|TABLE 2. Sources of usual medical care by whether or not the target person has a regular family physician|
|Person has a regular
|(Col %)||(Col %)||(Col %)|
|Other hospital, clinic, provider, etc.||19.7%||7.5%||8.9%|
|Do not receive medical care||5.9%||0.1%||0.7%|
|Did not answer, don't know||5.9%||0.1%||0.7%|
|Col % = Percentages are by column|
|TABLE 3. Healthcare utilization (number of visits) during the previous year by whether or not the target person has a regular family physician|
|Person has a regular family physician||Mann-Whitney U||p|
|Walk-in clinic||1.85||3.98||0.68||1.71||70,864||0.000 *|
|Other physician specialists||0.84||2.34||0.94||3.59||93,223||0.852|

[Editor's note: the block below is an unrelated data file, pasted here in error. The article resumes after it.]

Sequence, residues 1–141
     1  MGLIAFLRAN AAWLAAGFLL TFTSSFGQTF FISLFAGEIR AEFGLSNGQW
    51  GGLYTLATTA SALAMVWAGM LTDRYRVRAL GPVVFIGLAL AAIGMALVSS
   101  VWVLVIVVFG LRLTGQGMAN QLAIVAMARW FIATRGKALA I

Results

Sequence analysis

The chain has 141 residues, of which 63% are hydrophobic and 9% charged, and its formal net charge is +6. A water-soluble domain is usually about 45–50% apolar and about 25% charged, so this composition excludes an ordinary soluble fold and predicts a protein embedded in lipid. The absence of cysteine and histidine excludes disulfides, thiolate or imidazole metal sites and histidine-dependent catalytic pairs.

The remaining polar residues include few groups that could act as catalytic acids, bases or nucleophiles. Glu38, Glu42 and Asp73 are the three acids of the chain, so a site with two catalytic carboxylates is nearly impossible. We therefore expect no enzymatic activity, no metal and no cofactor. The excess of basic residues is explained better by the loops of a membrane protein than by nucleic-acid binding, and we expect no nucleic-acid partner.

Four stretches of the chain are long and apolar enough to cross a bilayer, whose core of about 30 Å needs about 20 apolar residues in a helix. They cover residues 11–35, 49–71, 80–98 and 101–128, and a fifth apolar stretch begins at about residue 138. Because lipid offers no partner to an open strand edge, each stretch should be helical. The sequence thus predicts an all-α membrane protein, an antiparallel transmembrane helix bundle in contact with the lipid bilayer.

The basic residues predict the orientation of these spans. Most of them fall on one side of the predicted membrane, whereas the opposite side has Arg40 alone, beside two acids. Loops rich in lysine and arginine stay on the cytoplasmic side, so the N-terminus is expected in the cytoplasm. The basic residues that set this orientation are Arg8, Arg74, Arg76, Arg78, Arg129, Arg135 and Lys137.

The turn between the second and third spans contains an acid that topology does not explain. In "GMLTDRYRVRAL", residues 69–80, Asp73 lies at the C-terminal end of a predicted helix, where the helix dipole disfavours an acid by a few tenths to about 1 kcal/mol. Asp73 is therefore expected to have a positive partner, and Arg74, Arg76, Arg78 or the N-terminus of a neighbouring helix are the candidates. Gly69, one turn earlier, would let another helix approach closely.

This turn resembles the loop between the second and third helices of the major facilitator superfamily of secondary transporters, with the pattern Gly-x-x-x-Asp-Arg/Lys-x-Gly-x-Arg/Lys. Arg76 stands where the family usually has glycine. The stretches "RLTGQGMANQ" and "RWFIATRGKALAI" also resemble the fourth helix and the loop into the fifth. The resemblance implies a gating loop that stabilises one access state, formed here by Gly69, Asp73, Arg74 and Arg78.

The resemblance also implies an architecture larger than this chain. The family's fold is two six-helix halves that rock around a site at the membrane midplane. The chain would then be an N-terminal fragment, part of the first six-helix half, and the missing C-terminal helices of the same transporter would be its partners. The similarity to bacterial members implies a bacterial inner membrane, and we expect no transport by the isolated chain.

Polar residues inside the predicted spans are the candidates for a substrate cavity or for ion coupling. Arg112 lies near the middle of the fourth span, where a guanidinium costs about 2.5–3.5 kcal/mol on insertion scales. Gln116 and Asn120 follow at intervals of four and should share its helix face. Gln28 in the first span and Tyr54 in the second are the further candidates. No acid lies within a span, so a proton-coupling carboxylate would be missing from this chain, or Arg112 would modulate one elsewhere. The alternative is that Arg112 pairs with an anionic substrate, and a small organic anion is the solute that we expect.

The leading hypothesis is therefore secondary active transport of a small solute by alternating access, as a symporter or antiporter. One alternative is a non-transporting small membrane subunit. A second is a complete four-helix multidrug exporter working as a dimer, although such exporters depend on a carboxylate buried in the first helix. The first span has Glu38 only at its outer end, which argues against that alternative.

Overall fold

|Allied Health Professions|
|Other allied health||0.20||1.03||0.43||2.58||91,532||0.338|
|Other Health Providers|
|Other health provider||1.46||4.21||2.26||6.38||91,231||0.474|
|Total of All Visits||10.79||16.54||12.41||16.32||81,169||0.006 *|
|* Significant after false discovery rate adjustment.|
Correlates of having a regular family physician
Results of the logistic regression are presented in Table 4. The overall model was significant (likelihood ratio [LR] chi-square  = 77.79, p<0.001). The longer respondents' families had been residing in their current location, the more likely they were to have a FP. When the target person was married, or living with two parents in the case of children, they were more likely to have a FP (OR = 2.17). Women/girls were also more likely to have a FP than men/boys (OR = 1.91). None of the other factors were significantly related to whether or not individuals had a FP.
|TABLE 4. Logistic regression predicting having a family physician|
|Predictor variables||OR||(95% CI)||p|
|Any employed or student||0.767||(0.475–1.239)||0.279|
|Educational attainment3||Completed high school||0.838||(0.489–1.434)||0.518|